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Long chain polyunsaturated fatty acid supplementation in infants born at term

Overview of attention for article published in Cochrane database of systematic reviews, March 2017
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About this Attention Score

  • In the top 5% of all research outputs scored by Altmetric
  • High Attention Score compared to outputs of the same age (96th percentile)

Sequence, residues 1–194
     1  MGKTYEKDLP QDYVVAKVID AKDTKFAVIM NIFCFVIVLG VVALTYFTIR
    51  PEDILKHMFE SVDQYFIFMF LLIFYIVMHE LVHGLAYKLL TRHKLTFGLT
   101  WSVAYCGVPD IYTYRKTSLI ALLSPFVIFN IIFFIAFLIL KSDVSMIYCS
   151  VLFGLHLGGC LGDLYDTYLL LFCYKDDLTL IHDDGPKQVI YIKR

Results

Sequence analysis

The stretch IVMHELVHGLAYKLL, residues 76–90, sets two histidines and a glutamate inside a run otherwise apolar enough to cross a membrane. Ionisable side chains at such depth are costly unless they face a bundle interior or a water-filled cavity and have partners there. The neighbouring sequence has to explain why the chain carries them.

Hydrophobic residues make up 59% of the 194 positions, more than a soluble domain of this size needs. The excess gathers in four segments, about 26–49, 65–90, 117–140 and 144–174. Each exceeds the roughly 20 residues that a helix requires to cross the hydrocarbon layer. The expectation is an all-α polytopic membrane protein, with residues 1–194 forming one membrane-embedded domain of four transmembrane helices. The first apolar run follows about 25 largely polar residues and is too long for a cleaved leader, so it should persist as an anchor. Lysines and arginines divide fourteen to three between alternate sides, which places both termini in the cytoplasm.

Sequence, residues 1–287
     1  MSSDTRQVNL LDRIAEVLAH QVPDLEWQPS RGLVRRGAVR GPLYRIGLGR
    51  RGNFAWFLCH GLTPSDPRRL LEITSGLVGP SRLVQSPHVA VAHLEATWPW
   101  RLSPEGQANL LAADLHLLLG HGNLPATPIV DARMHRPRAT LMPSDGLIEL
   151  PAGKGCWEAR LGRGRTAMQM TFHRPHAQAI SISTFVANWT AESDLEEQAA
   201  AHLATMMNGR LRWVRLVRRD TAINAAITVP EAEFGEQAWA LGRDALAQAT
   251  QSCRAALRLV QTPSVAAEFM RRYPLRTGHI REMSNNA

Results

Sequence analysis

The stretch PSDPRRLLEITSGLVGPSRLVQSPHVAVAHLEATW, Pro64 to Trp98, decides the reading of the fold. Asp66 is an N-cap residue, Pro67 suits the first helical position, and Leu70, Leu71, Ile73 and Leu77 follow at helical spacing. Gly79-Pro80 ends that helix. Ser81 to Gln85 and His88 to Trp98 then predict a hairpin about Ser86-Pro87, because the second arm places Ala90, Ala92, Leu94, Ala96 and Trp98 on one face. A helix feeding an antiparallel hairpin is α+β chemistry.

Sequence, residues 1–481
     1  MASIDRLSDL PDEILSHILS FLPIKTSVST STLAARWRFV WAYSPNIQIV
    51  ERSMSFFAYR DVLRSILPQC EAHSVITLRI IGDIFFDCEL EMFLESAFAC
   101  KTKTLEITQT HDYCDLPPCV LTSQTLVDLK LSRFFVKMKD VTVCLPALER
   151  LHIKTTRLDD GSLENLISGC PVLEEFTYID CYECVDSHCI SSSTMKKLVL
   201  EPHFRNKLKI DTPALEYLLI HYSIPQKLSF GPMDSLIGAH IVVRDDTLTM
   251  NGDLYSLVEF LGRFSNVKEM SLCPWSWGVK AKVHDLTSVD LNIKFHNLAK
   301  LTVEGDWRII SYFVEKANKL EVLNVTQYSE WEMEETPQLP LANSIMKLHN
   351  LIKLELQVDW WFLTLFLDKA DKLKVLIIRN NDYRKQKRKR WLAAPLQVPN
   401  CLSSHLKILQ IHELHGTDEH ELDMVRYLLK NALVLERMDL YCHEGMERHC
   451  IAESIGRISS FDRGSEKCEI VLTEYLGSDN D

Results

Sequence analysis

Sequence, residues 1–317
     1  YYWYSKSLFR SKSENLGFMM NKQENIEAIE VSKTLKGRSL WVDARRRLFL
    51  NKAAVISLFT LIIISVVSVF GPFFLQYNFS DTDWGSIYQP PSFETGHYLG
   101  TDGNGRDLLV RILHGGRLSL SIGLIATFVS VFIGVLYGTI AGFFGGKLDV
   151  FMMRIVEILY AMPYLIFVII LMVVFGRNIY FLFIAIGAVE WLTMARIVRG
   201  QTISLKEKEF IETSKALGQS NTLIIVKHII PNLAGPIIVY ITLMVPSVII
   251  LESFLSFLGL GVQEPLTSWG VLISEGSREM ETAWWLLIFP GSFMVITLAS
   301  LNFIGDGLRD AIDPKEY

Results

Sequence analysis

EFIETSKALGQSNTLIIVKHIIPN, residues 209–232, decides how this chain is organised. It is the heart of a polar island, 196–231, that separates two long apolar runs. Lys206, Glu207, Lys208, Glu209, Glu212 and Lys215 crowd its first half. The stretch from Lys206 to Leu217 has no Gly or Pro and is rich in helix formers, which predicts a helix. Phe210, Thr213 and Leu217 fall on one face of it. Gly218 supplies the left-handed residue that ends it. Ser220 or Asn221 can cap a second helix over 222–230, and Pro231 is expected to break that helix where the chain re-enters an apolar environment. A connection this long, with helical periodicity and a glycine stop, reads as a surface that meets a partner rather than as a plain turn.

• High Attention Score compared to outputs of the same age and source (92nd percentile)

Mentioned by

news
2 news outlets
blogs
2 blogs
twitter
80 tweeters
facebook
9 Facebook pages
wikipedia
1 Wikipedia page

Citations

dimensions_citation
36 Dimensions

Readers on

mendeley
226 Mendeley
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Title
Long chain polyunsaturated fatty acid supplementation in infants born at term
Published in
Cochrane database of systematic reviews, March 2017
DOI 10.1002/14651858.cd000376.pub4
Pubmed ID
Authors

Bonny Jasani, Karen Simmer, Sanjay K Patole, Shripada C Rao

Abstract